July 02 - Fitch Ratings has affirmed The Higher Education Securitised Investment No.1 plc (Thesis), a transaction backed by student loans, as follows:
GBP29.4m Class A3 notes affirmed at ‘CCCsf’; RR 40%
GBP7.9m Class A4 notes affirmed at ‘CCCsf’; RR 40%
Fitch affirms the current rating on the notes as the transaction keeps performing roughly in line with Fitch’s latest expectations. The ‘CCCsf’ rating reflects the uncertainty as to the full repayment of the A3 and A4 classes of notes, which in Fitch’s opinion no longer benefits from any sizeable margin of safety.
The class A3 and A4 notes, which are equally ranking in the priority of payments, currently benefit from a credit enhancement of 7.8%, or 5.6% if the balance of the arrears provisioning ledger is removed from the supporting assets. Based on a forward-looking projection incorporating a monthly default rate of 0.5%, a monthly payment rate of 1.5%, and a reversion of 30% of the deferred loans to repayment status, Fitch found that the class A3 and A4 notes would be recovered for only around 40% of their balance as of May 2012.
Fitch noted the existence of excess interest in the transaction since around mid-2010, causing a net redemption of the interest accrual facility, which funds the interest due and unpaid under the non-defaulted loans of the portfolio. The reasons for such excess interest are currently unclear however, given the very large majority of the loan portfolio is deferment status; as a result Fitch did not give any credit to such excess interest in its analysis. The origins of the excess interest are being investigated by the transaction servicer and the cash manager.
The loan portfolio now comprises around 78.8% of deferred loans, 9.2% of loans in repayment status without arrears, and 12% of loans in repayment status with arrears. The large proportion of deferred loans does not in itself impair the transaction, as the UK government is essentially committed to compensate the issuer for any such loan still outstanding 25 years after origination, if not in arrears. The government compensation covers the unpaid interest accrued on the loans, and recapitalised as a result; this protects the transaction against carry costs. The UK government would also pay a subsidy to the transaction in case the rate of accrual of the liabilities (based on Libor) was to exceed the rate of accrual of the assets (based on RPI). The impairment of the rated notes may arise from defaults on loans in repayment status, or on loans currently on deferment and moving to repayment status as a result of the borrower’s improving income. Given the current economic context and employment prospects for graduates in the UK, deferred loans seem unlikely to switch massively to repayment status seems; however, Fitch believes the risk that some of them would do, cannot be disregarded. The current impairment of the junior, non-rated notes in the transaction comes essentially from the cumulative defaults of around GBP111m to date, the equivalent of 10.9% of the closing portfolio balance.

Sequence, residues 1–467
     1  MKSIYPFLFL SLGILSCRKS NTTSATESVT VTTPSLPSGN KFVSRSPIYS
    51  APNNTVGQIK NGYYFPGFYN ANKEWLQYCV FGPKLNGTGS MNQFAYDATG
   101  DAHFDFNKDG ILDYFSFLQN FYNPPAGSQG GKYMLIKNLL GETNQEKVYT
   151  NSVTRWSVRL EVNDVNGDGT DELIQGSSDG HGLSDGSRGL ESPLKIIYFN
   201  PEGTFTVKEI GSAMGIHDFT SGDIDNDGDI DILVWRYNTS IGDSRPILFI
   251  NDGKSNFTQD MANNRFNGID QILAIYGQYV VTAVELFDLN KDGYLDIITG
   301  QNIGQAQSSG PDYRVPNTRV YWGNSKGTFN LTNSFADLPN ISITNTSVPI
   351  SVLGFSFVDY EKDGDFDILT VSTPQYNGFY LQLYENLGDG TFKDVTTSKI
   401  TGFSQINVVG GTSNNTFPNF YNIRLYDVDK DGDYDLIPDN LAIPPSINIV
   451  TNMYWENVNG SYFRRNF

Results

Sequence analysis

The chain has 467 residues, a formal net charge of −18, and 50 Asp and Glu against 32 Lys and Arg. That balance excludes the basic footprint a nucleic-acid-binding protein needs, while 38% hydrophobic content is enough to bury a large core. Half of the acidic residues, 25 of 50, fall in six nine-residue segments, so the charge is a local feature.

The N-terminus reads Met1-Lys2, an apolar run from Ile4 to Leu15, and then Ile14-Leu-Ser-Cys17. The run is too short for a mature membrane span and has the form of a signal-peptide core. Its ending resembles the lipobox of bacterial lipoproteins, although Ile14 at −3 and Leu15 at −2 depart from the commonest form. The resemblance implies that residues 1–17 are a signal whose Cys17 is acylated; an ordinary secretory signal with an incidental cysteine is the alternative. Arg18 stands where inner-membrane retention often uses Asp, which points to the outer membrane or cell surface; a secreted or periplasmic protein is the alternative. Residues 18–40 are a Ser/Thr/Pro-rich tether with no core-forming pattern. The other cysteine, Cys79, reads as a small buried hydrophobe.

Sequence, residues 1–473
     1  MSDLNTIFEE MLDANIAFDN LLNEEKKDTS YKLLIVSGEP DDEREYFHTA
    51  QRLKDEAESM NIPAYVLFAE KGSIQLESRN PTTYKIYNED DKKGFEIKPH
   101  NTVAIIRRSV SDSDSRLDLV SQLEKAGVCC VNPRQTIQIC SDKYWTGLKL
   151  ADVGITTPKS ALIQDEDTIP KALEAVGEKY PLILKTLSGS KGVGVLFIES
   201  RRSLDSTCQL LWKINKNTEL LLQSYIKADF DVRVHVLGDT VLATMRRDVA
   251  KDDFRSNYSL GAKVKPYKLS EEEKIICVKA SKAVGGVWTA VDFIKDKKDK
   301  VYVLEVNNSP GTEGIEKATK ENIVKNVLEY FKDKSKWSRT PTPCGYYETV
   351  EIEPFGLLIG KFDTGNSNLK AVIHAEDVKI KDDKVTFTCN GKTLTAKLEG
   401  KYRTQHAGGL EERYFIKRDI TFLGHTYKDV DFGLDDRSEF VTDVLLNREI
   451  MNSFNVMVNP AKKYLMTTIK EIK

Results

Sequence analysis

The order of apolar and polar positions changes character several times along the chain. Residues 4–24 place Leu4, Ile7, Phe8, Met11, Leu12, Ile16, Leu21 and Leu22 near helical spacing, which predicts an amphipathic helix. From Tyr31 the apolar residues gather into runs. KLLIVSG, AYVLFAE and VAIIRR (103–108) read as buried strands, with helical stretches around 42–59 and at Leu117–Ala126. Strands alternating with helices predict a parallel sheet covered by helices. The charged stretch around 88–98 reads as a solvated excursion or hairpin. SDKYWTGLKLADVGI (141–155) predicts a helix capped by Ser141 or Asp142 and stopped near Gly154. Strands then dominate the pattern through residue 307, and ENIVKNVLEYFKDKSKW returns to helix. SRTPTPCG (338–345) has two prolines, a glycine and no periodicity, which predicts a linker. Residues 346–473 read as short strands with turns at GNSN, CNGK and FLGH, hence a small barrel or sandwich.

Thesis is a securitisation of floating-rate student loan receivables, originated in the UK by the government-owned Student Loan Company Limited, with a final legal maturity date on 30 April 2028.